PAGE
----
Habitat is also a tribute to Bridget, and her demise, in the Aristotelian sense, has a purpose. She must exit the narrative for another female character, for example Moji or a much younger Roseline, to grow and for Tori to have a stronger motivation for a purposeful life. He lives in gratitude to Bridget and wants to make her sacrifice for him to be worthwhile. I am not forcing readers to accept the analysis that I am making, but, as a reader, you can see where Bridget’s heart is from the beginning of the novel. She prepares and warns Moji and Tori, but they do not understand what she means. What delays Bridget’s transition is her mission and determination to raise and lead Tori to where he can almost stand on his own. That way, she fulfills a promise. I had other options and could have chosen to keep Bridget physically present in the novel, but doing so would result in trapping her in a perpetual misery. However, there was no easy way for me to bring closure to her life. I assume you asked this question because Bridgte’s departure touched you. I hope for the reader to identify with Tori’s separation from his strong and caring grandmother. At least if they do not know or meet Lewa and Robert, they journey with Bridget to the end.

How has Edmonton helped your development of this novel?

I am grateful for Edmonton because it gave me a conducive avenue to express my creative imagination through this novel. More importantly, the work-life balance I have enjoyed in this city eased my pressure of writing my novel. I have been fortunate to have in Edmonton a lovely family and be surrounded by a few friends and colleagues who encouraged me to complete this novel. They continue to genuinely support me and my creativity. I thank them immensely.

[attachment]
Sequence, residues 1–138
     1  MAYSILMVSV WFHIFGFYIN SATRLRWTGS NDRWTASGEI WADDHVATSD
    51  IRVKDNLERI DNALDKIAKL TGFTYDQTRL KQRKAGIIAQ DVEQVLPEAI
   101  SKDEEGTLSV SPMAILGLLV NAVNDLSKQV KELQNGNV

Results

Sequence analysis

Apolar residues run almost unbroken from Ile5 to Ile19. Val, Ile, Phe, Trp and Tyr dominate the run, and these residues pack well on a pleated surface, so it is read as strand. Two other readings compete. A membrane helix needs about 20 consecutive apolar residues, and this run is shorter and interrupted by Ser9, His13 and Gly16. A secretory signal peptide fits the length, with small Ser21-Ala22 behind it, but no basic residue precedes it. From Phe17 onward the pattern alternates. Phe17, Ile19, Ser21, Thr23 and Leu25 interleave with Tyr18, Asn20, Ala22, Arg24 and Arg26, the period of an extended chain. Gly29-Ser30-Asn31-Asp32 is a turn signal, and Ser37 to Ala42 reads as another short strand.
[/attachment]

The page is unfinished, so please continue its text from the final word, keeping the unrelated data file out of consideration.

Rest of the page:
Where are your favorite places to read and write in Edmonton?

Edmonton has many serene places that are conducive to writing, and I am not sure I have favorite ones yet. I just like a quiet place to read and write. I do most of my reading and writing at home because my family and I live in a quiet neighborhood. This is a blessing. I can mentally compose something while strolling on a walking trail or riding my bicycle in the summer months. I also like going to work on ETS buses and the LRT so that I can spend my travel time reading while the train or bus is moving. I always enjoy this experience, especially when the trains and buses are quiet, and the ones traveling my routes usually are.

Any future project you are working on currently?

At the moment, I am working with Noirlege to publish a new edition of Habitat. This way, the book can be locally available to readers who cannot purchase copies from Amazon. I thank Noirledge Publishing for accepting to publish my work. I have been planning my second novel and drafting a collection of essays that I hope to publish in the near future.

 

Jide Salawu is a Nigerian writer and cultural critic based in Edmonton, Canada. He is the author of Preface for Leaving Homeland (2019), published under African Poetry Book Fund. He is currently a PhD candidate at EFS, the University of Alberta.

 

22 Comments